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Question Regarding Do volumes and pressures calculated from Boyle's Law depend on the temperature?

As the title suggests, i have a question regarding Boyle's law.

As Boyle's law states that "The volume(V) $V$ of a given mass of a gas, is inversely proportional to the pressure(P) $p$ applied to it when the temperature $T$ is constant."

So if we had a gas at say a pressure P-one$p_1$, and a volume V-one$V_1$, corresponding to this pressure at a constant temperature T-one$T_1$. 

Now if i were to increase the the temperature of this gas to a new temperature T-two$T_2$ and make it constant. And then apply the same pressure P-one$p_1$ on the gas would the volume still be V-one$V_1$?

Considering the fact that volume and pressure are inversely proportional for a constant temperature, and hence they dont depend on the temperature?? Am i right?

Thanks

Question Regarding Boyle's Law

As the title suggests, i have a question regarding Boyle's law.

As Boyle's law states that "The volume(V) of a given mass of a gas, is inversely proportional to the pressure(P) applied to it when the temperature is constant."

So if we had a gas at say a pressure P-one, and a volume V-one, corresponding to this pressure at a constant temperature T-one. Now if i were to increase the the temperature of this gas to a new temperature T-two and make it constant. And then apply the same pressure P-one on the gas would the volume still be V-one?

Considering the fact that volume and pressure are inversely proportional for a constant temperature, and hence they dont depend on the temperature?? Am i right?

Thanks

Do volumes and pressures calculated from Boyle's Law depend on the temperature?

As the title suggests, i have a question regarding Boyle's law.

As Boyle's law states that "The volume $V$ of a given mass of a gas, is inversely proportional to the pressure $p$ applied to it when the temperature $T$ is constant."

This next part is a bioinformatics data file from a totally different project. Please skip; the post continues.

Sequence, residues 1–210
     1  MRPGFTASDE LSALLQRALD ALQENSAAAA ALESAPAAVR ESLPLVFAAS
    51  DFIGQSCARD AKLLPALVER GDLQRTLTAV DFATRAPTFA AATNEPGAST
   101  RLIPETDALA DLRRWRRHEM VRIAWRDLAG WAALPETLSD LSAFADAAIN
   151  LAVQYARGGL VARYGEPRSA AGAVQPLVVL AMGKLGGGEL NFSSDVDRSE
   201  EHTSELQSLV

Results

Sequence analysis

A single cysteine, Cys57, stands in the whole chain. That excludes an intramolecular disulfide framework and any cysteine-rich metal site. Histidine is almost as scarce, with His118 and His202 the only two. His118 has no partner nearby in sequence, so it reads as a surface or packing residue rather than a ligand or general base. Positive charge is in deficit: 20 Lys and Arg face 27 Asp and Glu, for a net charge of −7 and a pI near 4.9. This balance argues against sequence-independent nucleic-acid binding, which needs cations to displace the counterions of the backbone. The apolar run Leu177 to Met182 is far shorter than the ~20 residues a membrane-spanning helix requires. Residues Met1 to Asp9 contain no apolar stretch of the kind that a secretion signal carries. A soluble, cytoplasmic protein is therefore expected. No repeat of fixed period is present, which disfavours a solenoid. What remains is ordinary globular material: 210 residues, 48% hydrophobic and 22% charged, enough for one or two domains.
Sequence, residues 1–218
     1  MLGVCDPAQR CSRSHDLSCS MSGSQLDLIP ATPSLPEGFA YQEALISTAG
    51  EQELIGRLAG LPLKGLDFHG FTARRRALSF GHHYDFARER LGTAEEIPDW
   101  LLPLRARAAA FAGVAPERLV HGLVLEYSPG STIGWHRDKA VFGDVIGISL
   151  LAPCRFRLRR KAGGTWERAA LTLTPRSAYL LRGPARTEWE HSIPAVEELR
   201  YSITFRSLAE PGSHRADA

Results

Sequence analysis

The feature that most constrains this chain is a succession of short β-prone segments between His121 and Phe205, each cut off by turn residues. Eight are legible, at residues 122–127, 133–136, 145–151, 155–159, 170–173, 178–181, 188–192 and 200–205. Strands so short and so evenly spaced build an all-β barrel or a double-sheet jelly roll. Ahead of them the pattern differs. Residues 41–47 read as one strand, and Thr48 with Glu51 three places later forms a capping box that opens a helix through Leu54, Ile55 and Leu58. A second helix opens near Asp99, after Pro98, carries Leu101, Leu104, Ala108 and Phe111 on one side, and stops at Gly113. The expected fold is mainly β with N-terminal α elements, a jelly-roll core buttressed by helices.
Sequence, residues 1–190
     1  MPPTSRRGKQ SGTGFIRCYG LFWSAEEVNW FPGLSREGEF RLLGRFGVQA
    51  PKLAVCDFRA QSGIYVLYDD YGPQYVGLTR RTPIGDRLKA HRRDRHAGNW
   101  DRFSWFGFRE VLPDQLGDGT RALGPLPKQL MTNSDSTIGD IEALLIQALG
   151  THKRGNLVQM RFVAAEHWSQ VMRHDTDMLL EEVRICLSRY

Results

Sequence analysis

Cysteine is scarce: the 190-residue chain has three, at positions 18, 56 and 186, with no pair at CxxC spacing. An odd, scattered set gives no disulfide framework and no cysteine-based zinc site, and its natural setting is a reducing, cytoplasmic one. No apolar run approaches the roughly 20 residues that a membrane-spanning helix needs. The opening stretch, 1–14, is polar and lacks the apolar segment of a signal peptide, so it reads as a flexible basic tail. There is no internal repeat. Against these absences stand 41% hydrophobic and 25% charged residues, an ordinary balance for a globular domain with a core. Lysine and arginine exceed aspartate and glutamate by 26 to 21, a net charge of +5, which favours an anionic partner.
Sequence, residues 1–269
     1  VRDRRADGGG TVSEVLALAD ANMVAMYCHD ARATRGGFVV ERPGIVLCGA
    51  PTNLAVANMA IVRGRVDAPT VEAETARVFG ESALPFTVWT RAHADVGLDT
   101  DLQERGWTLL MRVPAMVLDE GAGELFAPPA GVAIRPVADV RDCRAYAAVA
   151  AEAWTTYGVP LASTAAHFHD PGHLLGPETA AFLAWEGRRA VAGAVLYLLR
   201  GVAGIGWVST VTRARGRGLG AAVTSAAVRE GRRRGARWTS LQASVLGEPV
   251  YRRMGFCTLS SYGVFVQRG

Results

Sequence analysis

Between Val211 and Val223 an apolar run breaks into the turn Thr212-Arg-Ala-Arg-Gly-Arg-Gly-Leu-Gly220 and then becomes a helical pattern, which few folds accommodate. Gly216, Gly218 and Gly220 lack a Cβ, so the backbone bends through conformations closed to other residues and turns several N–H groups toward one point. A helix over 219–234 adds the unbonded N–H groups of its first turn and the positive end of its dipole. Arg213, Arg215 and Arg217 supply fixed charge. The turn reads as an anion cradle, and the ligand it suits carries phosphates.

So if we had a gas at say a pressure $p_1$, and a volume $V_1$, corresponding to this pressure at a constant temperature $T_1$. 

Now if i were to increase the the temperature of this gas to a new temperature $T_2$ and make it constant. And then apply the same pressure $p_1$ on the gas would the volume still be $V_1$?

Considering the fact that volume and pressure are inversely proportional for a constant temperature, and hence they dont depend on the temperature?? Am i right?

Thanks

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Batwayne
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Question Regarding Boyle's Law

As the title suggests, i have a question regarding Boyle's law.

As Boyle's law states that "The volume(V) of a given mass of a gas, is inversely proportional to the pressure(P) applied to it when the temperature is constant."

So if we had a gas at say a pressure P-one, and a volume V-one, corresponding to this pressure at a constant temperature T-one. Now if i were to increase the the temperature of this gas to a new temperature T-two and make it constant. And then apply the same pressure P-one on the gas would the volume still be V-one?

Considering the fact that volume and pressure are inversely proportional for a constant temperature, and hence they dont depend on the temperature?? Am i right?

Thanks